For the Garden: Asclepias

For the Garden: Asclepias

The idea of planting milkweed is a good start, but it's not just about one plant; it's about a diverse group. There are several dozen species of milkweed, Asclepias, in North America, each distinct from the others. Some produce orange flowers, some white, and others purple, each beautifully unique. They also vary in the type of soil and environment they thrive in. In the gardens here, I've seen some Asclepias species grow easily in almost any soil, while others are quite particular. The two I most frequently design with are Asclepias tuberosa and Asclepias incarnata 'Cinderella,' which are completely different in form, color, and texture.

Asclepias tuberosa features a vibrant mix of burnt orange colors with tones of white and yellow ombré. What attracts me to tuberosa is its shape, reminiscent of a wide-branched tree with gently bending branches covered in beautiful flowers, scaled down to fit the perennial garden. It also blooms later here, and the monarch butterflies spend a significant amount of time on its blooms. Asclepias incarnata 'Cinderella' is my beauty choice for Asclepias. The flower is both geometrically and romantically gorgeous, a combination of mauve-pink and solid white. Each bloom has these flowing colors on a flower form that looks futuristic. 'Cinderella' prefers slightly richer, moister soil but can adapt over a couple of years to a range of soils. The plant starts very vertically, with beautiful dark violet and purple stems and luminous green foliage, reminiscent of many Amsonia species.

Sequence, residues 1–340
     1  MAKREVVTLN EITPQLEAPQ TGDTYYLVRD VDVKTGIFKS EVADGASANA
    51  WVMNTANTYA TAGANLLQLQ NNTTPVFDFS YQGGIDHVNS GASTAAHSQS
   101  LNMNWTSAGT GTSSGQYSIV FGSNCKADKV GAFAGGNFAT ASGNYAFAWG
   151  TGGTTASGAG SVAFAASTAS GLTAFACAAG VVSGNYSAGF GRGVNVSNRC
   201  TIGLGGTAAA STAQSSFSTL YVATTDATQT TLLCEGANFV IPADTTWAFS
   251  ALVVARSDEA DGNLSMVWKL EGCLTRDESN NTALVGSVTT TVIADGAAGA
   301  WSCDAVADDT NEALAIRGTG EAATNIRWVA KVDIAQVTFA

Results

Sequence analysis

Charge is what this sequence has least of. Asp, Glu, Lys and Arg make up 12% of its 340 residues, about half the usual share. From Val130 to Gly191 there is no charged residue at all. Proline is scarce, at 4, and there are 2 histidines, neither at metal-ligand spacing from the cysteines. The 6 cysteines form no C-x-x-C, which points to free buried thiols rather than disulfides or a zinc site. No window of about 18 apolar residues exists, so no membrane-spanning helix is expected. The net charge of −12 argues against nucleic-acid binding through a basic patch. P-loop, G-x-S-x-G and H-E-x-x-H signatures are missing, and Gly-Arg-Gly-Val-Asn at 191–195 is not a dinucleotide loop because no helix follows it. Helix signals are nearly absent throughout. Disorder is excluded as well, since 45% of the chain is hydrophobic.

Garden experience has taught me that paying attention during the first two to three years after planting Asclepias is crucial. They don’t like to dry out completely when young. All the species develop deep roots, some resembling taproots or even tubers, but their young, fibrous roots are sensitive across the family. I've also found they thrive with a cool layer of organic matter around them. Remember, these are plants that evolved with their root zones shaded by neighboring plants. When planted alone, they miss this experience, and of course, one is the loneliest number there ever was.

Asclepias tuberosa

• Size: Typically grows to about 1 to 3 feet in height and 1 to 1.5 feet in width.
• Flower Description: Vibrant burnt orange blossoms, sometimes with white and yellow ombré tones. The flowers are clustered in umbels, giving a full, bushy appearance.
• Native Range: Found across much of the United States, including the Midwest, South, and Eastern regions, with widespread distribution in states like Illinois, Texas, Michigan, and Florida.

Asclepias incarnata ‘Cinderella’

• Size: Generally reaches heights of 3 to 4 feet and spreads about 2 to 3 feet wide.
• Flower Description: Features intricate flowers with a romantic blend of mauve-pink and white hues. The blossoms form in clusters, showcasing a striking, geometric yet flowing shape.
• Native Range: Commonly found in the Eastern United States, including states like Virginia, New Jersey, and Missouri, as well as parts of the Midwest.

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